UHP troopers increasing patrols during the New Year’s holiday

LOGAN — Law enforcement is once again reminding motorists to avoid drinking and driving, as Utah’s new DUI law is in effect.    The law lowers the legal content of alcohol in the bloodstream from .08 percent to .05 percent, the lowest in the country.

Utah Highway Patrol Lt. Lee Perry said troopers will be working extra shifts during the New Year’s holiday.  They’ll be looking for drivers who appear to be impaired or driving recklessly.

“We ask people, if you are going to enjoy alcohol, don’t drink and drive,” explained Lee.  “Get an Uber, get a taxi, have a designated driver but don’t be out there driving on the roadways.  If you are, we are going to be out there and we hope that we stop you, and get you caught before you hurt yourself or someone else.”

Troopers won’t just be looking for DUI’s.  Lee explained that the weather and late hour can be trouble for other drivers that haven’t drank at all.

“The roads could be possibly icy and it is going to be extremely cold.  If you’re out late at night, you could be drowsy.  Tired drivers can be just as dangerous as drunk drivers or distracted drivers.”

Utah’s new DUI law was approved by the Legislature in 2017.  It later was signed into law by Gov. Gary Herbert.  It began Sunday morning, just ahead of the holiday.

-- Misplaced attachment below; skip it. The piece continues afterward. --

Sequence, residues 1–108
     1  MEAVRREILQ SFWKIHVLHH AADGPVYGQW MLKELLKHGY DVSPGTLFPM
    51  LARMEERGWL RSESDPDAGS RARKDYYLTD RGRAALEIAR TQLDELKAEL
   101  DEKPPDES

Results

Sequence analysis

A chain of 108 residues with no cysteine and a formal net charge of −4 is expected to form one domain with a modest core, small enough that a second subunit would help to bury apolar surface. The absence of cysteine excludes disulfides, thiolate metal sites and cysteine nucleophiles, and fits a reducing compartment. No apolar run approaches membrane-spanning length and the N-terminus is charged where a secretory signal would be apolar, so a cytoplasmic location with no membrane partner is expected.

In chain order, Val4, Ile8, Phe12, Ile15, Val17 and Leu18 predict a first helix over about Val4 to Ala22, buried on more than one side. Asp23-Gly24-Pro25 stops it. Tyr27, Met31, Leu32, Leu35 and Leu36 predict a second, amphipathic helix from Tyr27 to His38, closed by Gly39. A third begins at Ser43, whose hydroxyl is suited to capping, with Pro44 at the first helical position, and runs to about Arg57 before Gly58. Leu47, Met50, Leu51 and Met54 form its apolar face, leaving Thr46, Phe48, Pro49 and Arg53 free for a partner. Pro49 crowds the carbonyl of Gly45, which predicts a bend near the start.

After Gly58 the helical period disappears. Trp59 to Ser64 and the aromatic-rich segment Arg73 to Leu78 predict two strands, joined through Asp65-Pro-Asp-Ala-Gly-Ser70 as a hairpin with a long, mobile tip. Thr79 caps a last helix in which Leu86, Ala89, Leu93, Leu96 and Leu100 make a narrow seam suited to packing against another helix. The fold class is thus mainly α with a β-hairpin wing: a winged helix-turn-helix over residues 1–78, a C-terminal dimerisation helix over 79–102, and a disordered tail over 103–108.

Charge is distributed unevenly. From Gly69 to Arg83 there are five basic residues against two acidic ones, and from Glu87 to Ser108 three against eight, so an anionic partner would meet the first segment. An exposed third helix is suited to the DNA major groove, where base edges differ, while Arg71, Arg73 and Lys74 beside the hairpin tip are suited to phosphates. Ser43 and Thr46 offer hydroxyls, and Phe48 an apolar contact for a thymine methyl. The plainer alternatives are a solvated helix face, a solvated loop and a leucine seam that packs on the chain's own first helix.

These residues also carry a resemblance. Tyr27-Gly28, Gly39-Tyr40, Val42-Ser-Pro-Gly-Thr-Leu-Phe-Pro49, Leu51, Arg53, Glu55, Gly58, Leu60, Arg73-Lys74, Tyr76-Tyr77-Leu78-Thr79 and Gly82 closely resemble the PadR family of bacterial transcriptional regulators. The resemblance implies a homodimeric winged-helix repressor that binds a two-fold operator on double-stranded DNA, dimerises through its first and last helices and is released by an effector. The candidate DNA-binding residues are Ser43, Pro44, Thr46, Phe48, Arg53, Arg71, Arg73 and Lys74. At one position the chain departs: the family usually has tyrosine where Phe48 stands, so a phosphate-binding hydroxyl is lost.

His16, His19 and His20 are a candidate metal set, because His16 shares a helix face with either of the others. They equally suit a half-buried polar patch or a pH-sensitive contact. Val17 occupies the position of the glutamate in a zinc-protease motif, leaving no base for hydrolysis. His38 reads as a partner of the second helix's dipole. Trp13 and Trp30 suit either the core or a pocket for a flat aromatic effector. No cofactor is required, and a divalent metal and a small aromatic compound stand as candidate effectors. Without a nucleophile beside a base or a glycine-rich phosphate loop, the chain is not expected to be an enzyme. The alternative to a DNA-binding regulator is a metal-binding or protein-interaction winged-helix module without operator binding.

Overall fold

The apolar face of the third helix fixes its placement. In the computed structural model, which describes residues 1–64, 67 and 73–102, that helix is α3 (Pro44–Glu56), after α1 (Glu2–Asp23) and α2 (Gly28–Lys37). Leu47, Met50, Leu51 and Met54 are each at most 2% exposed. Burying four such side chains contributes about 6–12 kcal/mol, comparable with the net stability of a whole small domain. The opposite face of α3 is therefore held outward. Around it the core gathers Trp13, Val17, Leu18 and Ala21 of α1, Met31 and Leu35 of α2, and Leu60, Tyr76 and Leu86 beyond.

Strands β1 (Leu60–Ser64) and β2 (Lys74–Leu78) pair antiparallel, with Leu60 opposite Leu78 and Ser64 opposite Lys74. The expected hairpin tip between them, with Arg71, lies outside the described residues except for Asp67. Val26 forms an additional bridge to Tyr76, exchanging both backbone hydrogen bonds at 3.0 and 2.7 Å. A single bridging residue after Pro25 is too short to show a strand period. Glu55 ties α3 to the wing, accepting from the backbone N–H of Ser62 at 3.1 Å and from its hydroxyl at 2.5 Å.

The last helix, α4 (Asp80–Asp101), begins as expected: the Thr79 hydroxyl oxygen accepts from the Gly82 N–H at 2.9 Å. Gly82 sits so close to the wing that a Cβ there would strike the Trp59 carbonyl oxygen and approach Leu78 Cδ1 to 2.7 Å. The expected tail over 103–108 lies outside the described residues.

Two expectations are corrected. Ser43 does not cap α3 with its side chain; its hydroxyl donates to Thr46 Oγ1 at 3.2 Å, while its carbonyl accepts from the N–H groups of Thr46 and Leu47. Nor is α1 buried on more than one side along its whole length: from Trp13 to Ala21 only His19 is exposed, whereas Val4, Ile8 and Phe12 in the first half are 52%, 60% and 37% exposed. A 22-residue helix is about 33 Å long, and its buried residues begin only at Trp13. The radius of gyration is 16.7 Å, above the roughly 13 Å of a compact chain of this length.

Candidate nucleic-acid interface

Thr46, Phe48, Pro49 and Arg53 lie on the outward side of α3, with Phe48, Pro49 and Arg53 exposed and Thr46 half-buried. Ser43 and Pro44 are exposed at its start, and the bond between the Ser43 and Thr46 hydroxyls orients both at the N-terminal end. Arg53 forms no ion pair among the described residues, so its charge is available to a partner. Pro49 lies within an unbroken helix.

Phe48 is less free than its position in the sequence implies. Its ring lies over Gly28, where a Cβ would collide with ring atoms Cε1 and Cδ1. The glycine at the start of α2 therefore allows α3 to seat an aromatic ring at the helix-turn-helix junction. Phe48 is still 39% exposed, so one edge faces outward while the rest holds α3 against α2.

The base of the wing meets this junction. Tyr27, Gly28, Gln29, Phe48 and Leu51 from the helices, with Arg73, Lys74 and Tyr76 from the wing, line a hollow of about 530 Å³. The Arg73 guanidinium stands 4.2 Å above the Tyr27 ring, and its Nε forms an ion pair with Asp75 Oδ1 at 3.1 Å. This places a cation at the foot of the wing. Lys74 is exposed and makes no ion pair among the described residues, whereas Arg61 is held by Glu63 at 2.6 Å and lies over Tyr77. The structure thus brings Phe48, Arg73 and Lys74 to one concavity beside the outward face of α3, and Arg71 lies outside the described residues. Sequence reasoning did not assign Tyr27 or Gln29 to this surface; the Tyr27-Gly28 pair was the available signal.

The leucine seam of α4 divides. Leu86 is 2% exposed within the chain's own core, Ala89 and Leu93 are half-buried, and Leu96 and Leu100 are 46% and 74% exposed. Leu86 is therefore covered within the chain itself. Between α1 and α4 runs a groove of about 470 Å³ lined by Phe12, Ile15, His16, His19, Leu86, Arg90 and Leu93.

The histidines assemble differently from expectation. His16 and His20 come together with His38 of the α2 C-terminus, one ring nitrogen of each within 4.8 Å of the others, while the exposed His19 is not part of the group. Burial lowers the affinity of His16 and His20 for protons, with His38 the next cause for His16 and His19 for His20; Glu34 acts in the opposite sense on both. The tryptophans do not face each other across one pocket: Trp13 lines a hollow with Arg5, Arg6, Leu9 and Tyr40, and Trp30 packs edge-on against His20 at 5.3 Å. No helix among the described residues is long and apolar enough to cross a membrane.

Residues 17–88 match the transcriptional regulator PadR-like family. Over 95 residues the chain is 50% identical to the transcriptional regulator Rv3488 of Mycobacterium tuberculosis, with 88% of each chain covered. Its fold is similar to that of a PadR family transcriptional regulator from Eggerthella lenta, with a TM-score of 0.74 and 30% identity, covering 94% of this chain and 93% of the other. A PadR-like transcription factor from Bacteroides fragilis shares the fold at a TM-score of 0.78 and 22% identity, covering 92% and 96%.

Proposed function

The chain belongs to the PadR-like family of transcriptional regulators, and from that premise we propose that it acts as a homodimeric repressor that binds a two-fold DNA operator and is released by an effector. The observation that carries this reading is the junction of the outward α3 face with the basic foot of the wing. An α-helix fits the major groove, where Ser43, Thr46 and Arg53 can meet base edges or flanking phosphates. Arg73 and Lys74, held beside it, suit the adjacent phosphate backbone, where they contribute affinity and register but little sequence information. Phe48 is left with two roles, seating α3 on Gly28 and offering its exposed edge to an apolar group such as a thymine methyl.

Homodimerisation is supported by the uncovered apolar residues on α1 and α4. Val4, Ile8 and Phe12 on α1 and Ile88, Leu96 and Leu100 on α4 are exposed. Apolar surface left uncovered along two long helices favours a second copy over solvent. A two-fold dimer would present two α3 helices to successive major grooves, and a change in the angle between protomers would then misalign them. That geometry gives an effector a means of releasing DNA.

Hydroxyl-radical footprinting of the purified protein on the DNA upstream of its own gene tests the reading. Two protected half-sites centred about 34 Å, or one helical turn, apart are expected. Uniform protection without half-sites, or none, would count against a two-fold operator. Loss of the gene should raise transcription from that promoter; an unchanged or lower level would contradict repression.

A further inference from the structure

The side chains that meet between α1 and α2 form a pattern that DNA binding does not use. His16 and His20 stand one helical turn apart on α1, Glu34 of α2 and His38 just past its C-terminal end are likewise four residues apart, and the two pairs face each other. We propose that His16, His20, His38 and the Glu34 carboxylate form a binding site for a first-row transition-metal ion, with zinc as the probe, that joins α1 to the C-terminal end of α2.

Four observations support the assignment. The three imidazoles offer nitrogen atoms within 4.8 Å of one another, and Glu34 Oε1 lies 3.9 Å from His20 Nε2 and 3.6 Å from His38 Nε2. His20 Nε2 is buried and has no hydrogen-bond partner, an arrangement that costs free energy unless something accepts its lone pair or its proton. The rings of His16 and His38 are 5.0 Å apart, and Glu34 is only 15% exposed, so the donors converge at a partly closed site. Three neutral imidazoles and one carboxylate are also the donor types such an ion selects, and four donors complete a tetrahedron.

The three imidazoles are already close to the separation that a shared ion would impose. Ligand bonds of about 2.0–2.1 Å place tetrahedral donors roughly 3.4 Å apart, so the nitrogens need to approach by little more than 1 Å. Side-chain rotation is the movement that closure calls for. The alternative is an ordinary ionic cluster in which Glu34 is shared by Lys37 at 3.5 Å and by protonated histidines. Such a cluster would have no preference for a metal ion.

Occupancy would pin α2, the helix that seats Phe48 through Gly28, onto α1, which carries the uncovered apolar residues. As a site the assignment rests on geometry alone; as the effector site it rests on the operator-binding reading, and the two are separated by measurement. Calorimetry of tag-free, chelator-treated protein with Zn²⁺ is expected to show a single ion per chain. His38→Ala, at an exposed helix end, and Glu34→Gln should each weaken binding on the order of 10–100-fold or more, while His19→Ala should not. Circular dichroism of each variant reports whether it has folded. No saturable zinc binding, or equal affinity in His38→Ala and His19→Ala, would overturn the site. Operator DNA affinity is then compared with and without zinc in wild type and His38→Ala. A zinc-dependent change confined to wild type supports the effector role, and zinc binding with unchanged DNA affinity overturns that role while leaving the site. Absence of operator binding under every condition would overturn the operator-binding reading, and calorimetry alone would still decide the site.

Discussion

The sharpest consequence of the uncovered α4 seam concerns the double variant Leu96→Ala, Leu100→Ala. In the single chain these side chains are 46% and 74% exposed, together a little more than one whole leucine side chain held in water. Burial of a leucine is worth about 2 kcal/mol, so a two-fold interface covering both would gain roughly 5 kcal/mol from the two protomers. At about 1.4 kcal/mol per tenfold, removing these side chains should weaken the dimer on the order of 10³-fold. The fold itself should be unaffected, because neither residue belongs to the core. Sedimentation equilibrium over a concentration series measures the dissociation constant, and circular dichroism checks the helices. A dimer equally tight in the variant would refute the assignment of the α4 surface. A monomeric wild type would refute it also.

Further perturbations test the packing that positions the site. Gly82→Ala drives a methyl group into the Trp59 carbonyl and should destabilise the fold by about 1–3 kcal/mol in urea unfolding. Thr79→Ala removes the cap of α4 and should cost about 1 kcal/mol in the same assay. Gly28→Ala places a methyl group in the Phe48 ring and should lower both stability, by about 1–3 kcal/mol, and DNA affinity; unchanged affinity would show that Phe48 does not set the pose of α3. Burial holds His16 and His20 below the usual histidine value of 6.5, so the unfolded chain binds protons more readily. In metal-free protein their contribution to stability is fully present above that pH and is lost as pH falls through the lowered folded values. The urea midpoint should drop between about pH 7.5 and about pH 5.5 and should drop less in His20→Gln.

Lee said even though there has been a lot of talk about the new law, it won’t really change how troopers patrol the roads.

“We have to do certain tests to determine whether we believe you’re impaired to unsafely drive a vehicle.  We do all of that long before we ever get to the .05.  Then we make the arrest, and then we go for the blood or the breath test, and that’s when this .05 is determined.  So, it’s going to be more impactful on the prosecution side than it is on the arrest side.”

Troopers are asking motorists to be on the lookout for dangerous behavior around them and call 911.  Some of the warning signs include motorists driving without their headlights on, making wide turns and going out of their lanes, and people that are going extremely slow.


will@cvradio.com

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